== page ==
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ABSTRACT: Human pancreatic duct cells secrete HCO3- ions mediated by a Cl-/HCO3- exchanger and a HCO3- channel that may be a carbonic anhydrase IV (CA IV) in a channel-like conformation. This secretion is regulated by CFTR (Cystic Fibrosis Transmembrane conductance Regulator). In CF cells homozygous for the deltaF508 mutation, the defect in targeting of CFTR to plasma membranes leads to a disruption in the secretion of Cl- and HCO3 ions along with a defective targeting of other proteins. In this study, we analyzed the targeting of membrane CA IV in the human pancreatic duct cell line CFPAC-1, which expresses a deltaF508 CFTR, and in the same cells transfected with the wild-type CFTR (CFPAC-PLJ-CFTR6) or with the vector alone (CFPAC-PLJ6). The experiments were conducted on cells in the stationary phase the polarized state of which was checked by the distribution of occludin and actin. We show that both cell lines express a 35-kDa CA IV at comparable levels. Analysis of fractions of plasma membranes purified on a Percoll gradient evidenced lower levels of CA IV (8-fold) in the CFPAC-1 than in the CFPAC-PLJ-CFTR6 cells. Quantitative analyses showed that 6- to 10-fold fewer cells in the CFPAC-1 cell line exhibited membrane CA IV-immunoreactivity than in the CFPAC-PLJ-CFTR6 cell line. Taken together, these results suggest that the targeting of CA IV to apical plasma membranes is impaired in CFPAC-1 cells. CA IV/gamma-adaptin double labeling demonstrated the presence of CA IV in the trans-Golgi network (TGN) of numerous CFPAC-1 cells, indicating that trafficking was disrupted on the exit face of the TGN. The retargeting of CA IV observed in CFPAC-PLJ-CFTR6 cells points to a relationship between the traffic of CFTR and CA IV. On the basis of these observations, we propose that the absence of CA IV in apical plasma membranes due to the impairment in targeting in cells expressing a deltaAF508 CFTR largely contributes to the disruption in HCO3- secretion in CF epithelia.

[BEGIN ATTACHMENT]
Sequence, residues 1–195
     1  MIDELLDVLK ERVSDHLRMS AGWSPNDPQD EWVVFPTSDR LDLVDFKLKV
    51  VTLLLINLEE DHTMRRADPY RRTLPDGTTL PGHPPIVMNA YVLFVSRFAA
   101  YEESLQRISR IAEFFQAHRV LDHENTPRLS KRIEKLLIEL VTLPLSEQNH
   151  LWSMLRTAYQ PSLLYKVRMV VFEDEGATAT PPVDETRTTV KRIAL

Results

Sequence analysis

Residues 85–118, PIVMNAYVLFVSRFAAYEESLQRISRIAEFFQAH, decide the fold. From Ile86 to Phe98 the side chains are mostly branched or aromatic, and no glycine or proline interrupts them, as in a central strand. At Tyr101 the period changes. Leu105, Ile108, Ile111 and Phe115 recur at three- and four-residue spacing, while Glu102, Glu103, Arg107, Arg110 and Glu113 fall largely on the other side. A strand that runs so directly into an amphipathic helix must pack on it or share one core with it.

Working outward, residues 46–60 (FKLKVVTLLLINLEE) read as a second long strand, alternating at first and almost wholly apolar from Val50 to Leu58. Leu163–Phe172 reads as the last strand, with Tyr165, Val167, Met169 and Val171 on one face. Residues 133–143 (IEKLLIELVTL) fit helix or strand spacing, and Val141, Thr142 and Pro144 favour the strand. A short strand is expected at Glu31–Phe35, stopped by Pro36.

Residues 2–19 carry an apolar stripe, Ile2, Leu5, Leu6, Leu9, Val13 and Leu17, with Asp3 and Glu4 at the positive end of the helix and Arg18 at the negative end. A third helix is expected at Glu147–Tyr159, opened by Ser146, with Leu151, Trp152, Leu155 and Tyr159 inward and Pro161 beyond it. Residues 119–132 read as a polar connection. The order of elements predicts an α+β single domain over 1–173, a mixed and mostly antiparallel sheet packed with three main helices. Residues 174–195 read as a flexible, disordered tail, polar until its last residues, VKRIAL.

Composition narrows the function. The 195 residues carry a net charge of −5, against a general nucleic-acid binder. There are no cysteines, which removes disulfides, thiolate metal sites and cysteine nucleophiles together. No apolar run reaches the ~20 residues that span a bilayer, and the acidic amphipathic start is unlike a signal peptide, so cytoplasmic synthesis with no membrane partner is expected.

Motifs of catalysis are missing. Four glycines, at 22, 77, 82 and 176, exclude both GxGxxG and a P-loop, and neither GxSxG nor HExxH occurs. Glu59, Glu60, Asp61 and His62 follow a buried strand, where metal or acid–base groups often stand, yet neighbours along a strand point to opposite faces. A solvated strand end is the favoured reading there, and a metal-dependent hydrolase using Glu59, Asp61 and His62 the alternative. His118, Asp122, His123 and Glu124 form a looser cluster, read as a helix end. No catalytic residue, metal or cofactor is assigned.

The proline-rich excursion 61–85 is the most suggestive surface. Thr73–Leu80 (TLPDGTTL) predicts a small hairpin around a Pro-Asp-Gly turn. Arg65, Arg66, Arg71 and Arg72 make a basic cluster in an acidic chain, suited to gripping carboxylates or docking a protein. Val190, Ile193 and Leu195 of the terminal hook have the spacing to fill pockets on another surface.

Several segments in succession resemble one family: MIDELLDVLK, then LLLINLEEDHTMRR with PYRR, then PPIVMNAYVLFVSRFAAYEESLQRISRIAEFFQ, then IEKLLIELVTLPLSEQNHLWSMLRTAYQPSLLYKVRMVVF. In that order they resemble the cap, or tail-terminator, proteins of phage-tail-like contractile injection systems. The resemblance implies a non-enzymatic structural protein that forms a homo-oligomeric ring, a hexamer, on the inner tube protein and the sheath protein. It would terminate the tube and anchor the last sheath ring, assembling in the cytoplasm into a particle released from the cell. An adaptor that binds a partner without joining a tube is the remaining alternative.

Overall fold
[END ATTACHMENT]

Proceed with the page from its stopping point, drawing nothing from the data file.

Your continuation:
European Journal of Cell Biology 09/2002; 81(8):437-47. · 3.21 Impact Factor